Friday, July 11, 2014

Here's the etymology of "Turn Down for What"

Since "Turn Down For What" by DJ Snake and Lil' Jon is clearly the dance anthem of this sad yet very fun generation, I've had ample occasion to think about what it means. And I'm clearly not the only one.

Duh It's a Rhetorical Question

Ok, fine, we all know "turn down for what?" is a rhetorical question. Like, for what reason would I turn down, "turn down" meaning the opposite of getting "turnt," or "turnt up."

But to fully wrap my mind around where this phrase came from and why exactly it's so catchy and cool, I had to trace the origins of all its parts.

Let's turn up the breaking down business by breaking "Turn Down For What" down.

Turn down.

Throughout history, there have been so many things developed technology-wise to turn down. Google's book search for "turn down" showed that before lanterns, people expectedly only used the phrase to mean reject something for an alternate choice. Like, "I turned the boy down on our third date because he was too into the fitness subreddit." Or, "President Obama turned down Michelle Obama because she was too hot." Stuff like that.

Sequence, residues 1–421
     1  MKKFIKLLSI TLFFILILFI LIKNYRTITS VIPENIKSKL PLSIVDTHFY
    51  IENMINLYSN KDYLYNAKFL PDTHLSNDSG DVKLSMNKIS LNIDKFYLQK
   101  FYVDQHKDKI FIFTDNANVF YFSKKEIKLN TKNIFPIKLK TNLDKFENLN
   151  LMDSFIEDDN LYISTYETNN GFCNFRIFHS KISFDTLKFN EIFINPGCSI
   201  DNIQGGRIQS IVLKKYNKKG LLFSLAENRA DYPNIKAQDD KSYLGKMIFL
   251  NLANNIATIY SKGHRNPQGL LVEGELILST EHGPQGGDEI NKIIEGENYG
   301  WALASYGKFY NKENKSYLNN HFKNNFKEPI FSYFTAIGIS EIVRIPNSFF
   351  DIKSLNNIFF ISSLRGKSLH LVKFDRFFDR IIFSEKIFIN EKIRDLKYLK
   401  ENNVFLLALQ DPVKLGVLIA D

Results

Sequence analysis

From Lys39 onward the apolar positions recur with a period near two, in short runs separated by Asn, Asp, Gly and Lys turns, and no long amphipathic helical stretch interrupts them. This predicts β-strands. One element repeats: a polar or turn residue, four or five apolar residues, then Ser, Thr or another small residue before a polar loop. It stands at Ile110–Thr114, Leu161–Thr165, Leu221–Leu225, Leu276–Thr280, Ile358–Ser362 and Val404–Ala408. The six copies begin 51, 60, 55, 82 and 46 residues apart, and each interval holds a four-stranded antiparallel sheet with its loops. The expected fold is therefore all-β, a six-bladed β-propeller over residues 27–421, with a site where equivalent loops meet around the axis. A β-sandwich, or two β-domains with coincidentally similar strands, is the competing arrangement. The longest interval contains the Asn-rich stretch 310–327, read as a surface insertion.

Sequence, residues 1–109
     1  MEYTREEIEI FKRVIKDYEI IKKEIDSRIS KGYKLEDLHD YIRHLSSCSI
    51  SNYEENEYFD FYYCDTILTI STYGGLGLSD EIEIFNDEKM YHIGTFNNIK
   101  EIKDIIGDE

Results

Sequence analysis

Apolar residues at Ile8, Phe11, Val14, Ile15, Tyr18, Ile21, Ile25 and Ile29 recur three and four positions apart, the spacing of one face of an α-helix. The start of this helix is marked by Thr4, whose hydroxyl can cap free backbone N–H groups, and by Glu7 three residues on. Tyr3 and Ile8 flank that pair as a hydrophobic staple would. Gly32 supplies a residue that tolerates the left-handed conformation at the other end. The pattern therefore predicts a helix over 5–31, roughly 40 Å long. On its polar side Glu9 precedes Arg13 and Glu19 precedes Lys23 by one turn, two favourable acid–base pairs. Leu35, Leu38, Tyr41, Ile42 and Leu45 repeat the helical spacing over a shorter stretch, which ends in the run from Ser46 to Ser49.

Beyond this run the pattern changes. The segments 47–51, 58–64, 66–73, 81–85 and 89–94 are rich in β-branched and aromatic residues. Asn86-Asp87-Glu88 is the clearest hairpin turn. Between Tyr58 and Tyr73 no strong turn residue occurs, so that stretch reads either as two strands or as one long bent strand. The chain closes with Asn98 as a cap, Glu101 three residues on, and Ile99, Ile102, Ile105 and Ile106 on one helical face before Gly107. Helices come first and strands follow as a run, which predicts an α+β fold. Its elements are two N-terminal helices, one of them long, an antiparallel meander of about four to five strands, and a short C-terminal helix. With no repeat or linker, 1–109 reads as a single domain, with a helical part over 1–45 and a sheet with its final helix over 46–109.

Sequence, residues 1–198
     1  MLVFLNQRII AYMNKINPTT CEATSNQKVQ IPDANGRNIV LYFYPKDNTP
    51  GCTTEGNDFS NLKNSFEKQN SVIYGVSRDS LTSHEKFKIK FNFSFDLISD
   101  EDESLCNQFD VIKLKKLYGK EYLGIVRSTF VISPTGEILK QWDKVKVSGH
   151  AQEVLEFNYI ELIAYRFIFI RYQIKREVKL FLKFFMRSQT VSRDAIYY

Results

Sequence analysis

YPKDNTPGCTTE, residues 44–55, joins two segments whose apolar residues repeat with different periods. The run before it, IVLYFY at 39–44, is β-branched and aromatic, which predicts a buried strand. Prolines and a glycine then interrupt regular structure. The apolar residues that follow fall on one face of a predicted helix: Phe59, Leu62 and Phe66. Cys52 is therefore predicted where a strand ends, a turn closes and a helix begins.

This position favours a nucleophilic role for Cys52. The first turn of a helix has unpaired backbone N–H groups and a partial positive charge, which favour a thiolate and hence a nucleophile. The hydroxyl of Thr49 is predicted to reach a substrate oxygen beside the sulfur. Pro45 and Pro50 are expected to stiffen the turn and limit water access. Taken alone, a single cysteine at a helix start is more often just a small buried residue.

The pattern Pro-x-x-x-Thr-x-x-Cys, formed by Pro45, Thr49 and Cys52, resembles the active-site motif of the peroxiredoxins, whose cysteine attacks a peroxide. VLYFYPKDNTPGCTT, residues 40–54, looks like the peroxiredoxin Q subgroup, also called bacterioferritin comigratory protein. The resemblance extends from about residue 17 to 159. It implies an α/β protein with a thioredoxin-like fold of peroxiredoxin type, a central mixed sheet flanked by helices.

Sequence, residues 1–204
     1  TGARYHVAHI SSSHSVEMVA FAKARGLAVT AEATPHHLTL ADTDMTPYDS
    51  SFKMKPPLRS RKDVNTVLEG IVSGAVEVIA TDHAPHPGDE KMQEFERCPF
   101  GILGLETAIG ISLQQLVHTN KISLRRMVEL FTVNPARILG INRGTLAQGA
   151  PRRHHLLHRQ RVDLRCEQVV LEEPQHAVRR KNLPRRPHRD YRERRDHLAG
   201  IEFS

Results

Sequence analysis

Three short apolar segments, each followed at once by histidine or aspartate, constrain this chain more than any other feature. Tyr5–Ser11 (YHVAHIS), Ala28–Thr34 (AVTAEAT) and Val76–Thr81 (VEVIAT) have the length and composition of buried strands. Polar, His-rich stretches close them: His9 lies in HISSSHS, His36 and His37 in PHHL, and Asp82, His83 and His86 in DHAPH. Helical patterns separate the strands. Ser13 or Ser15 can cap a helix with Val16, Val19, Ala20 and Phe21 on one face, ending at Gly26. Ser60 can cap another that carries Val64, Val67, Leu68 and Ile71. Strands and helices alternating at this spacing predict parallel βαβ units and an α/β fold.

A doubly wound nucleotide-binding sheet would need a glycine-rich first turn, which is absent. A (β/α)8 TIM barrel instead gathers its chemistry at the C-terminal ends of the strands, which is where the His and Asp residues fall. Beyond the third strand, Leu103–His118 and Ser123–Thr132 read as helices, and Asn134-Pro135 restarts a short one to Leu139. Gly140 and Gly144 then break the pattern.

Or, turn-down (or sometimes even turn down, without a hyphen) was often used as a noun. Like a "turn-down collar." But that's irrelevant, nouns are irrelevant here.

With the invention of heat and a lantern came the invention of to "turn" something "down." Then that translated into turning the radio or the television down in the 30's and 50's, respectively.